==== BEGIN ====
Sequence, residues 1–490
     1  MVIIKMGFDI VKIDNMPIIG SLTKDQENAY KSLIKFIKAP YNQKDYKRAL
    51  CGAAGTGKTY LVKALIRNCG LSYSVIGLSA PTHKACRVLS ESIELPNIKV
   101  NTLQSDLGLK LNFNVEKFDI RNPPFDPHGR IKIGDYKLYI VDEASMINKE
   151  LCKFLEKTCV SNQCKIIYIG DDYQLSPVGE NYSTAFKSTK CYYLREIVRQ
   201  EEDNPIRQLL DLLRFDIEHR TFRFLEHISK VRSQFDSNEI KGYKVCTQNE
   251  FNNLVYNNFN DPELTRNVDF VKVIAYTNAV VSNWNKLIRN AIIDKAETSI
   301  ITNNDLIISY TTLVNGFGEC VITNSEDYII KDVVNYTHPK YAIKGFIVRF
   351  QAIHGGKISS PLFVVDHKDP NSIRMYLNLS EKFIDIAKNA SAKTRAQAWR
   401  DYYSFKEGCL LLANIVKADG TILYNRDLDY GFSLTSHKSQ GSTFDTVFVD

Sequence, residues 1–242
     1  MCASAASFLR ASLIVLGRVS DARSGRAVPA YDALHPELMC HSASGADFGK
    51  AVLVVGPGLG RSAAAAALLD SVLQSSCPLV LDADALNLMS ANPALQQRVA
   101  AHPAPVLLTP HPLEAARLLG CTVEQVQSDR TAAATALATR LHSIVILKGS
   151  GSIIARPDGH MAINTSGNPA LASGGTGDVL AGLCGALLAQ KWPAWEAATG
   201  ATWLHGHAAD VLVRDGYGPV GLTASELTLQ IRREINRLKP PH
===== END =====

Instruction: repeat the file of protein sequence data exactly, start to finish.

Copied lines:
Sequence, residues 1–490
     1  MVIIKMGFDI VKIDNMPIIG SLTKDQENAY KSLIKFIKAP YNQKDYKRAL
    51  CGAAGTGKTY LVKALIRNCG LSYSVIGLSA PTHKACRVLS ESIELPNIKV
   101  NTLQSDLGLK LNFNVEKFDI RNPPFDPHGR IKIGDYKLYI VDEASMINKE
   151  LCKFLEKTCV SNQCKIIYIG DDYQLSPVGE NYSTAFKSTK CYYLREIVRQ
   201  EEDNPIRQLL DLLRFDIEHR TFRFLEHISK VRSQFDSNEI KGYKVCTQNE
   251  FNNLVYNNFN DPELTRNVDF VKVIAYTNAV VSNWNKLIRN AIIDKAETSI
   301  ITNNDLIISY TTLVNGFGEC VITNSEDYII KDVVNYTHPK YAIKGFIVRF
   351  QAIHGGKISS PLFVVDHKDP NSIRMYLNLS EKFIDIAKNA SAKTRAQAWR
   401  DYYSFKEGCL LLANIVKADG TILYNRDLDY GFSLTSHKSQ GSTFDTVFVD

Sequence, residues 1–242
     1  MCASAASFLR ASLIVLGRVS DARSGRAVPA YDALHPELMC HSASGADFGK
    51  AVLVVGPGLG RSAAAAALLD SVLQSSCPLV LDADALNLMS ANPALQQRVA
   101  AHPAPVLLTP HPLEAARLLG CTVEQVQSDR TAAATALATR LHSIVILKGS
   151  GSIIARPDGH MAINTSGNPA LASGGTGDVL AGLCGALLAQ KWPAWEAATG
   201  ATWLHGHAAD VLVRDGYGPV GLTASELTLQ IRREINRLKP PH